Our CEO recently announced his well-earned retirement from next year. The office has been abuzz with corridor talk about who his successor will be?
This got me thinking – what would happen if we chose our CEO’s the same way that we choose our politicians.
We would get a little mail drop with all the potential candidates who have put their names forward for the position. All of the names would have a “manifesto” attached providing a list of promises of the things they would do.
Pretty soon we would have a new CEO – the one who would provide.
Lamborghinis and Ferraris as company cars.
Free Sushi on Tuesdays and Crayfish Thermidor on Wednesdays. Why only two free meals? Because Mondays, Thursdays and Fridays would be non work days of course.
Overseas holidays would be sponsored.
Childhood education paid for, and tertiary education at Harvard or Oxford taken care of for those children of members of the Man-co, which of course is everyone who owns a set of earphones.
Double pension payouts taken care of.
Pay increases – triple the inflation rate for those staff whose performance reviews only just meet the required standard.
Share options for everyone.
And the occasional group conference in Hawaii or Lake Como to which all staff will be invited, all sleeping in 6 star hotels.
Free cosmetic surgeries for everyone over 45.
All would be well – for about 5 minutes until the shareholders realized what was happening.
This is the great weakness in democracy. World over we are led by people who make outlandish promises until the cheques need to be cashed.
For my Gen Z readers, cheques are little pieces...you know what, never mind, you can ask chat GPT what they are.
Take the USA for example...currently they are dealing with a debt ceiling crisis. They owe the rest of the world just shy of 32 trillion USD. But no leader will ever get elected if he promises to cut spending and increase taxes in order to bring down the deficit. Any such candidate would find him or herself elected only to the toilet of history.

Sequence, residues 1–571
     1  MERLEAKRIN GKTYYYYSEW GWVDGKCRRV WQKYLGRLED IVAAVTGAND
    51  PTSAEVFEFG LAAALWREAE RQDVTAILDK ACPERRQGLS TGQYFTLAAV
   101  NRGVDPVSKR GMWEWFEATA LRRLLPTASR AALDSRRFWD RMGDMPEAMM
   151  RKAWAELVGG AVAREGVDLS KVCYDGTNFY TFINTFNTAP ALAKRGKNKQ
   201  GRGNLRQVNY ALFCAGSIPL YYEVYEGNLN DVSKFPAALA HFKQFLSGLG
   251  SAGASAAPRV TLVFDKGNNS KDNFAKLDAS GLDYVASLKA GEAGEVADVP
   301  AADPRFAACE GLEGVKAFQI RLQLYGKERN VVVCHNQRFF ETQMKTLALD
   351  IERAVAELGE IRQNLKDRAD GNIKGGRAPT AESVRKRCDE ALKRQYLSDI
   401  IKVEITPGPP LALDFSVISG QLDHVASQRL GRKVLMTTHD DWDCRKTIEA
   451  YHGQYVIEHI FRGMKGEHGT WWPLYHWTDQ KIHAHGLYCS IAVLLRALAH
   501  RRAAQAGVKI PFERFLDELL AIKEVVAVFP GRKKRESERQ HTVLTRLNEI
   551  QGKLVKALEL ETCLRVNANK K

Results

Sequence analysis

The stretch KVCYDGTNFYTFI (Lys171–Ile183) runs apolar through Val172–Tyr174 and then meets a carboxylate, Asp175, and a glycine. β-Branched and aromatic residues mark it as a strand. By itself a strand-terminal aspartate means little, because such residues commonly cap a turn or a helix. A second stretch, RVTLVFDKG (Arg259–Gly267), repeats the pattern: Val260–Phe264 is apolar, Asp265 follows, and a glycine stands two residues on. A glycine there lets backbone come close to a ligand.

Here in South Africa, we have a policy mix that has driven our own deficits higher and higher every single year since 2005.
Even in 2020-2022, when the commodity boom provided a welcome relief to the fiscus, our own leaders did not use the money to pay down debt. What they did was decide to hand out the many billions of extra revenue in social grants, which of course need to become a permanent fixture, especially leading into an election year.
I have written about South Africa’s economic ills many times in the past and there is no need to rehash here today.
And finally, the world has woken up to the fact that South Africa, in its current state is at worst, uninvest able, and at best, demands a much higher risk premium.
Promises made, need to be delivered on. But that’s a tough act when the elected leaders are spending their time gorging on crayfish and expensive cars, instead of providing basic services like electricity and roads.
Like the above CEO scenario, you pretty quickly run out of other people’s money.
Don’t ask why the rand is at 19.70 to the USD...ask why not?????
Free Sushi Anyone? Get it now because next week it could be much more expensive.